At times, your broker may restrict you from immediately purchasing one of our recommendations. This is due to their interpretation of what is called the “Safe Harbor Rule” under Rule 903 put forward by the Securities and Exchange Commission in 1998 as part of their role in regulating securities transactions. This is also referred to as the “40 day rule.” It specifically prohibits brokers from selling shares of U.S. companies that have been sold in other countries, such as Canada. However, customers are not prohibited from buying those shares. Even though you should be allowed to place an unsolicited bid, conservative brokers may interpret this ruling very strictly and prohibit the purchase of said shares until the 40 days have passed.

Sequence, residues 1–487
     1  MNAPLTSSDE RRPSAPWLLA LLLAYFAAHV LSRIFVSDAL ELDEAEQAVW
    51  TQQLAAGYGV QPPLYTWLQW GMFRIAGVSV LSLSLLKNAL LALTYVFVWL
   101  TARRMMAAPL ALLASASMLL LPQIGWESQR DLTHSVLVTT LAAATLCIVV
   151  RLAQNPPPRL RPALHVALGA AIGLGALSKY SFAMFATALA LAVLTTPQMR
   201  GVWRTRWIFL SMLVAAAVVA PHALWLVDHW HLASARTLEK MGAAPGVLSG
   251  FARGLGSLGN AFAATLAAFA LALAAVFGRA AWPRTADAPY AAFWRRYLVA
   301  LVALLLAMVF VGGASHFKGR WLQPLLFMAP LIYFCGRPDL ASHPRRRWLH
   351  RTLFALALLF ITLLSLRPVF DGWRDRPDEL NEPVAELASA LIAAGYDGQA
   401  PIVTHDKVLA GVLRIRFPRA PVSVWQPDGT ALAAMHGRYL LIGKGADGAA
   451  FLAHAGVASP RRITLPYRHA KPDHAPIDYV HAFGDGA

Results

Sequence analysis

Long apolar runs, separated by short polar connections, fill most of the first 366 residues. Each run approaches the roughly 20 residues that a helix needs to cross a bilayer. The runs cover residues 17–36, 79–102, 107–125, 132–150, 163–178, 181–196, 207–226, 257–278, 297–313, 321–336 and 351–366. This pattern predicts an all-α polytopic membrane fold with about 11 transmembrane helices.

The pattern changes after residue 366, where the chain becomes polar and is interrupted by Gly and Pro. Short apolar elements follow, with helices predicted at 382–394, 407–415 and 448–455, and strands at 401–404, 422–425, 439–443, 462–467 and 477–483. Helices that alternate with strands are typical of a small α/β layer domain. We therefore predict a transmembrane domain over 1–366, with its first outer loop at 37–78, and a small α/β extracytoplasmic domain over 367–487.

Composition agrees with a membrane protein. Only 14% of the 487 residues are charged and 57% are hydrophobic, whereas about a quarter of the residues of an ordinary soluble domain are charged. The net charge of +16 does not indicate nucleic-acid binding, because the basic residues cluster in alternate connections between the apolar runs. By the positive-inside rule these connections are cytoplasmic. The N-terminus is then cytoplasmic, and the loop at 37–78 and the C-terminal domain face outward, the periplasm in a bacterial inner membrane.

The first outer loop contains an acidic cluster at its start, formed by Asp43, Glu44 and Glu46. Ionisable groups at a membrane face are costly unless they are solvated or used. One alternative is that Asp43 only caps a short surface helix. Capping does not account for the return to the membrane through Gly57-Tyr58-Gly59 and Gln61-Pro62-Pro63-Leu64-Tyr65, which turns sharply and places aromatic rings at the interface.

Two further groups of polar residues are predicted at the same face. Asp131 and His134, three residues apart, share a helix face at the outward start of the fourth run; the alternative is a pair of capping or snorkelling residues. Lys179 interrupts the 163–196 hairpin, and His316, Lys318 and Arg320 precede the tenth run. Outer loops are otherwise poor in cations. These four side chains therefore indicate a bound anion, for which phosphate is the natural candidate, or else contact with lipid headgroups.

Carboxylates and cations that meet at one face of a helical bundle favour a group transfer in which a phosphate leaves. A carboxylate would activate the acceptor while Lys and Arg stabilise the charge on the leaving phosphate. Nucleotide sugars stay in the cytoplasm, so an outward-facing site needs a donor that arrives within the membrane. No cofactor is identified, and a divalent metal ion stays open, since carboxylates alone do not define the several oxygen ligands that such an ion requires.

What can be done about this? Well, there are three primary courses of action. The first is to switch brokers; only certain brokers have this strict interpretation and the competition would love your business. Second, pressure you broker into reconsidering their ruling: email or write in explaining your frustration. Follow that up by following through on the first option which is to leave their service. Finally, your third choice is to wait the 40 days until the broker allows you to invest. The good news is that, though waiting is sub-optimal, often you are not going to miss out on the IPO price and the trade is still effective.